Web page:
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University of Denver professor researches how business navigates grief

Among the COVID-19 pandemic, economic downturn, natural disasters and much more, it seems death, human suffering and loss are pervasive. Even if someone is doing fairly well, he or she has likely had some personal loss—maybe a postponed wedding, canceled graduation or vacation, or just loneliness.

Professor Charles Dhanaraj, professor of management at the University of Denver’s (DU) Daniels College of Business, has new research out on grief. “The hidden perils of unresolved grief” was published in McKinsey Quarterly Sept. 10.

Along with his co-author, George Kohlrieser, professor of leadership and organizational behavior at the International Institute for Management Development, Dhanaraj studied how loss affects leaders, employees and organizations.

Charles Dhanaraj

“Personal losses of all kinds can create a lingering sense of grief that harms a leader’s effectiveness and may become debilitating if unaddressed,” the authors say. “Our hope is that more leaders will come to recognize that the painful emotions they and their colleagues may be experiencing—all of which are an inevitable part of being human—need not be debilitating or destructive; indeed, when addressed over time, these emotions can be reframed as constructive, positive, and creative elements of life, thereby helping leaders and organizations turn loss into inspiration.”

In their research, the authors write that they’ve been surprised by how pervasive unresolved grief can be, affecting one-third of the 7,000 executives who they worked with at the High Performance Leadership program in Lausanne, Switzerland.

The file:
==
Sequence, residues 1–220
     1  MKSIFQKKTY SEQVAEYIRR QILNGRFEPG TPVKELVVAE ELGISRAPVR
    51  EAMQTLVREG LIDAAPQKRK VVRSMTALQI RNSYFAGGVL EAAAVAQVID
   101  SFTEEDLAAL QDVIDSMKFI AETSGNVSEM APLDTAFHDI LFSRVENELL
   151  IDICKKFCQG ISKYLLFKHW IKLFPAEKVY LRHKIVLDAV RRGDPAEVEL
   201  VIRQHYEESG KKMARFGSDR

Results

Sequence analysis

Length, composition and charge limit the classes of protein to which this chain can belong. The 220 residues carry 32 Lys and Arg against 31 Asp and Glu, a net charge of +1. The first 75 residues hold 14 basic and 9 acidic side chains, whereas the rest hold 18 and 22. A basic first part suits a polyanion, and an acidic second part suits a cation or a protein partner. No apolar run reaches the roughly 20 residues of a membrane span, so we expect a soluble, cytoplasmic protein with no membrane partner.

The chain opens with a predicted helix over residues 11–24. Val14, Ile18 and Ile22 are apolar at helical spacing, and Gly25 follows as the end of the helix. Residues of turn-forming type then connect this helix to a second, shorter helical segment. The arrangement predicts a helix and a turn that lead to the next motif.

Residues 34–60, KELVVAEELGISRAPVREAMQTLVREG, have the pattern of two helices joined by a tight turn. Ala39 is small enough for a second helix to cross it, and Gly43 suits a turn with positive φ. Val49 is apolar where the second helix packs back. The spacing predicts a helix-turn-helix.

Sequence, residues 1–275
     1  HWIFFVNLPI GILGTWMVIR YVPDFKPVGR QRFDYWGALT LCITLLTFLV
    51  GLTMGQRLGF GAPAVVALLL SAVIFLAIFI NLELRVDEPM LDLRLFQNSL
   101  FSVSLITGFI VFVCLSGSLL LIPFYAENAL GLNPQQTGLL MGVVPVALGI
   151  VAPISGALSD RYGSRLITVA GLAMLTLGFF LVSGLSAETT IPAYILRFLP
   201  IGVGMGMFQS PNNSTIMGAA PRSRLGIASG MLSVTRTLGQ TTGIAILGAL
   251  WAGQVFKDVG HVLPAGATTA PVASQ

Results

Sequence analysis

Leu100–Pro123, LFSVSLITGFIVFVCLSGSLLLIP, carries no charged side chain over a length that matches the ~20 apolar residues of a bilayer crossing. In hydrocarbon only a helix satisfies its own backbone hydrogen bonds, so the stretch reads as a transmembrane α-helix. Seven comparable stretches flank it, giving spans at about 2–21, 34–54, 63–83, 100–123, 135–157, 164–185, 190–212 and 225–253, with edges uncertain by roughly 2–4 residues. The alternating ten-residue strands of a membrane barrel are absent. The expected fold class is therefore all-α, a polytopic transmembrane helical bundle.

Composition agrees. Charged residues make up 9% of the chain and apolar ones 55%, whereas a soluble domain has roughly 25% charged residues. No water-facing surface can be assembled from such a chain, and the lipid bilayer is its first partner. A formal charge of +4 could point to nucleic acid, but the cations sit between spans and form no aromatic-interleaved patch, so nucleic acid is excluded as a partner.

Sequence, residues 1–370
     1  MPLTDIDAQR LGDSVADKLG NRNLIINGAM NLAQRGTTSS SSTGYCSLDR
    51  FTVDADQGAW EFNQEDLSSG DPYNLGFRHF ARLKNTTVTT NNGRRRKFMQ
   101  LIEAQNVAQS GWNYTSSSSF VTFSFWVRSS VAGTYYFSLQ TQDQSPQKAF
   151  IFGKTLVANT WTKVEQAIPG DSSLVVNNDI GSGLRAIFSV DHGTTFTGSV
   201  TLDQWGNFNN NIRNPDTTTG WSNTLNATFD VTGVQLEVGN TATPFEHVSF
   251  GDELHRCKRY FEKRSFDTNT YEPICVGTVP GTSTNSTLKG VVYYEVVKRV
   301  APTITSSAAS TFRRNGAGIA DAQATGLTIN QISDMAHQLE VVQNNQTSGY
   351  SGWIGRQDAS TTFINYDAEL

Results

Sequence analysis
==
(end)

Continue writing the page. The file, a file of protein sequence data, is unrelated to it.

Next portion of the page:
The two academics outline a model to resolve grief, involving: becoming aware, accepting reality and reconstructing your memory. They also offer advice for organzations, suggesting leaders should: set the right tone, recognize grief in the organization and create organizational rituals.

“Unresolved grief is a quietly destructive force that derails leaders and hurts organizations during the best of times. And these aren’t the best of times,” the authors say. “By recognizing the ways the pandemic is fueling grief and loss, leaders and organizations alike can take steps to transform grief into a creative force that turns loss into inspiration.”

Dhanaraj is the chair of the Department of Management, and Evelyn & Jay G. Piccinati Endowed Chair in teaching excellence at the Daniels College of Business.